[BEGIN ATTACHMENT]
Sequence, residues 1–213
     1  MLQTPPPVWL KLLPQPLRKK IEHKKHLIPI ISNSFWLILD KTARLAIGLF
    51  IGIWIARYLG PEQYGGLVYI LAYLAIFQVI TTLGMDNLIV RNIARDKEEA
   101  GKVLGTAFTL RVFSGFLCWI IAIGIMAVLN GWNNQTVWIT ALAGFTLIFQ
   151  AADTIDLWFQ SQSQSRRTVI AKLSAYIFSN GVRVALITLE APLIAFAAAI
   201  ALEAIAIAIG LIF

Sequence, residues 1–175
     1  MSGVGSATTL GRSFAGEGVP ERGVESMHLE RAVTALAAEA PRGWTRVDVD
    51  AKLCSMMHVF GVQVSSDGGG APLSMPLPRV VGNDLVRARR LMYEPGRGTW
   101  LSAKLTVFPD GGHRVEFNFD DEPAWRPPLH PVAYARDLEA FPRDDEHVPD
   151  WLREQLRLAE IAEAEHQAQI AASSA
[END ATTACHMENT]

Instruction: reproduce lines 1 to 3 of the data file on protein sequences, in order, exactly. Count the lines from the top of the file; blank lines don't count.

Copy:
Sequence, residues 1–213
     1  MLQTPPPVWL KLLPQPLRKK IEHKKHLIPI ISNSFWLILD KTARLAIGLF
    51  IGIWIARYLG PEQYGGLVYI LAYLAIFQVI TTLGMDNLIV RNIARDKEEA